Emotional and proud, Clarke welcomes Open back to Portrush

Northern Ireland's Darren Clarke acknowledges the crowd after getting a birdie on the 5th green during the first round of the British Open Golf Championships at Royal Portrush in Northern Ireland, Thursday, July 18, 2019. (Matt Dunham/AP)

PORTRUSH, Ireland — It was about 6:30 a.m. when Darren Clarke, sporting a gray beard to match his swept-back gray hair, walked onto the first tee at Royal Portrush to hit the opening shot of a British Open he never thought would happen.

He almost welled up when his name was announced to applause from the packed horseshoe grandstand at No. 1 and the galleries lining the fairway.

An hour later, he was leading the championship after three birdies in his opening five holes, receiving the kind of roars he hasn’t heard since lifting the claret jug at Royal St. George’s in 2011.

"I didn’t think I’d feel the way I did," said Clarke, who was just as emotional as he strode down the 18th fairway, saluting the crowds with his putter in his right hand.

Clarke wound up shooting an even-par 71. If the score wasn’t memorable, the experience certainly was.

With "The Troubles" mainly behind them since the 1998 Good Friday peace accord, the Northern Irish are hosting golf’s oldest major for the first time since Max Faulkner won at Royal Portrush in 1951. It is back 68 years later, in a pretty town Clarke now calls home.

"You go back and take a look at some of the pictures 20 years ago, we wouldn’t be standing having this conversation," he said. "You go down the street, maybe not here, but you see police everywhere, you see Army everywhere. You don’t see that anymore. We’re very proud of our country."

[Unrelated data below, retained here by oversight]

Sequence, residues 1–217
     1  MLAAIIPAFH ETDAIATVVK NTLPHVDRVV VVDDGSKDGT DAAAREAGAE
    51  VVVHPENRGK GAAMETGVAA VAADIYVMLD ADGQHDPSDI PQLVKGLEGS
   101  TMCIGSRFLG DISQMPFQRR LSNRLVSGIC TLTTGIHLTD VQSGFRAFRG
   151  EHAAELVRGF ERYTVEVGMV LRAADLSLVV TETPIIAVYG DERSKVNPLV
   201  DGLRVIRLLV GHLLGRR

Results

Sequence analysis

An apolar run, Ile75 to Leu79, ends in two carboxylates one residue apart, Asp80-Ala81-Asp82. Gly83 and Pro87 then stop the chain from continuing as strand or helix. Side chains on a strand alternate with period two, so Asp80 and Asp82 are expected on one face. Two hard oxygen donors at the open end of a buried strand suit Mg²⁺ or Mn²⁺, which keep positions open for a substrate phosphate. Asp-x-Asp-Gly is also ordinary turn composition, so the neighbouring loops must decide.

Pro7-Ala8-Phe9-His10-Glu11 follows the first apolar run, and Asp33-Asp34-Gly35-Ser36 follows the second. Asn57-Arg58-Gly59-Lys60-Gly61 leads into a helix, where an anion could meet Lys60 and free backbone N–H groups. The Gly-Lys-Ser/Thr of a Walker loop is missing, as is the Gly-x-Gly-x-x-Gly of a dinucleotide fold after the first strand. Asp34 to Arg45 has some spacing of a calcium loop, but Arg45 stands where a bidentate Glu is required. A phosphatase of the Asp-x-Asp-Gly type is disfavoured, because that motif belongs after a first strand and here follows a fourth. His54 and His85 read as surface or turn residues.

It is why that first shot meant so much to him, why he felt the kind of nerves he hasn’t experienced for a while after waking up at 3:15 a.m.

The silver claret jug on display next to him, Clarke found the right of the fairway at No. 1 and later holed a 15-foot putt for birdie. More birdies came at the par-3 third and the tough fifth that runs out toward the North Atlantic.

It was a mixed round after that as he played some shots "that come with being 50," like a 4-iron at the par-5 No. 7 that squirted so far right he had to take an unplayable lie from thick grass.

He hit to inside two feet, though, for a birdie at No. 15 and struck an approach right at the flag at No. 18, where he made par.

"I was going to enjoy myself all week," Clarke said. "And I probably smiled a little bit more today than I have been."

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